Unless all queries have only one table and there is no funny business with comments, using regular expressions for this is a losing proposition. Instead:
SET SHOWPLAN_ALL ON;
--All your queries here
See set showplan_all docs.
When I say that the regular expression is going to be complicated, this is what I mean. These are only some of the considerations:
You'll have to detect the start of quoted strings:
[ and ignore all characters inside until terminated properly. Do not terminate if the end character is doubled up (i.e.,
'this is ''fun'', he said' does not stop after
You'll have to exclude single line comments
-- that aren't inside of quotes, and terminate them at the next CRLF. Quote marks inside comments do not start strings as usual.
You'll have to exclude multi-line comments (starting with
/*) that aren't inside of quotes or inside of a single line comment, and then skip over everything else except the terminator,
*/. In your regex, be sure to escape the
* character with a backslash
You'll have to then find valid
FROM clauses with proper word boundaries (no false match on column names
AfroMonkey, for example).
To properly terminate the FROM clause, you have to stop capturing when you see any keyword including
ORDER BY, and
WITH; and since SQL queries aren't required to have the semicolon terminator
; then you'll also have to terminate at
DROP and so on and so forth.
But even the previous two points are not really enough by themselves, because what if your query looks like this:
INNER JOIN (
SELECT * FROM YourTable Y WHERE Active = 1
) X ON T.ID = Y.ID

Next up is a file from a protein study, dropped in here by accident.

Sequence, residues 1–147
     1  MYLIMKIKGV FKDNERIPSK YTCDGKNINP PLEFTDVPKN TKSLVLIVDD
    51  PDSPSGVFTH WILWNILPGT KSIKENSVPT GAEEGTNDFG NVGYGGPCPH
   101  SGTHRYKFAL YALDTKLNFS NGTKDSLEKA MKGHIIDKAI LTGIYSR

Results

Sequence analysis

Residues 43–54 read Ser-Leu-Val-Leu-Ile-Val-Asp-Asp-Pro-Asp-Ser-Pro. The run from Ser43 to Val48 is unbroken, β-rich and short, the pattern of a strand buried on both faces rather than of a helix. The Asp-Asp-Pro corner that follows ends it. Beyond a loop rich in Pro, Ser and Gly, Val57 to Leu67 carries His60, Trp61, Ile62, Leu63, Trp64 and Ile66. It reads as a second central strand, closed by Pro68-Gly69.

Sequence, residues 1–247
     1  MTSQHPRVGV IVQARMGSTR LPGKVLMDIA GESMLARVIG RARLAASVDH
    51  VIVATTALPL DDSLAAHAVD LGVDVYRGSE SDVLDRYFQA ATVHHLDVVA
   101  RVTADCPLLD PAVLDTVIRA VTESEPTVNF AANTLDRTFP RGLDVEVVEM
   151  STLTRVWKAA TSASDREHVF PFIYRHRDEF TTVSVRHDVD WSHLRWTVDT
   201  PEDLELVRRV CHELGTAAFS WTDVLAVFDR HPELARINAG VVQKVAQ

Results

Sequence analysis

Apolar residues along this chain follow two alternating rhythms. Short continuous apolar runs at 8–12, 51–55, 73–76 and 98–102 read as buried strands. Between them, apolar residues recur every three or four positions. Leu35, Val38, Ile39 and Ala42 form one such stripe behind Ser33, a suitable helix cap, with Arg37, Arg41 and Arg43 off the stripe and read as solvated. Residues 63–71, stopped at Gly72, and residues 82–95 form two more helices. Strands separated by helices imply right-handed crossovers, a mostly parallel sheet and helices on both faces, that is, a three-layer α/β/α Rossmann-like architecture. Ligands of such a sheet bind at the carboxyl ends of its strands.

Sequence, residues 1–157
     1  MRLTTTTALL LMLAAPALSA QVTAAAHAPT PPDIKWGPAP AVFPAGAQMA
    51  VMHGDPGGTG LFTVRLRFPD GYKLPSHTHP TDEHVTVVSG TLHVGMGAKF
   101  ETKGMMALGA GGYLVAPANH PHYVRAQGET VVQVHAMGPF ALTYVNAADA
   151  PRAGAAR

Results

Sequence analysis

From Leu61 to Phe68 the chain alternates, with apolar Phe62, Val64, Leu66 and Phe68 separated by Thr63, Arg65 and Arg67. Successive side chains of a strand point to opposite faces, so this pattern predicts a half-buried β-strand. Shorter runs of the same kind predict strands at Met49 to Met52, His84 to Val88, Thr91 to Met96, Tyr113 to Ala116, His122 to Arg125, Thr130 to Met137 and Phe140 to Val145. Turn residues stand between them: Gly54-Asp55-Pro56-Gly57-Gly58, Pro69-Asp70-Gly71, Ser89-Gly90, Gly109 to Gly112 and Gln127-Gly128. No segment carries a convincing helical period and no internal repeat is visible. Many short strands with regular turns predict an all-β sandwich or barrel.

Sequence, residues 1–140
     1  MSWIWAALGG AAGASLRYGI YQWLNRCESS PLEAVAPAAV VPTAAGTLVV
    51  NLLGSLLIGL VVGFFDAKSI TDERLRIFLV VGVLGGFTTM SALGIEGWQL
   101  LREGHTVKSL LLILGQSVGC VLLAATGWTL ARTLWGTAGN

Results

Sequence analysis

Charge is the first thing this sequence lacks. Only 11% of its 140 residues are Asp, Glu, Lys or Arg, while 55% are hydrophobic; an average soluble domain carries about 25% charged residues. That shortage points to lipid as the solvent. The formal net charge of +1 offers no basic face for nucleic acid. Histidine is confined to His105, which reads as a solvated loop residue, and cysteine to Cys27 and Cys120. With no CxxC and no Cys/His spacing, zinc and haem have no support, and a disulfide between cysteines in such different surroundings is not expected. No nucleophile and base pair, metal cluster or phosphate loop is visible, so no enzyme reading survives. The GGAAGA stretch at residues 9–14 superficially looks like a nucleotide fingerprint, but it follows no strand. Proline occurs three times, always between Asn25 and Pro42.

INNER JOIN AnotherTable A
ON X.AID = A.AID
Now you have to parse parentheses and NOT stop capturing your FROM clause when you see any of those keywords. And you have to keep track of how many parentheses deep you are and keep ignoring until you're that many out. And finally, what do you do with those, because a derived table is just like a table--do you want the full text of the derived table or just the tables inside that?
To do all that, you can't just start matching at the first valid
FROM in the text, because this could be inside of quotes or comments. You have to match all the text starting at the beginning, because that is the only way with Regex to ensure you don't find a match where you shouldn't.
Here's what I came up with that just tries to handle comments. Not even quotes. And it only goes as far as finding the from clause, not what's inside it. Plus, we have to prevent parentheses from capturing so we don't have an awful mess when examining our capturing groups for the actual FROM clauses.
And it's probably rife with errors and I'd have to rethink the whole thing once I played with it a bit and all in all, it would be a gigantic waste of time.
I think you are underestimating how difficult such a thing will be to accomplish well. But there's a perfectly reliable solution! The one I gave above: let SQL Server parse everything for you. You can parse the returned plan easily because it is structured in a way that makes it easy.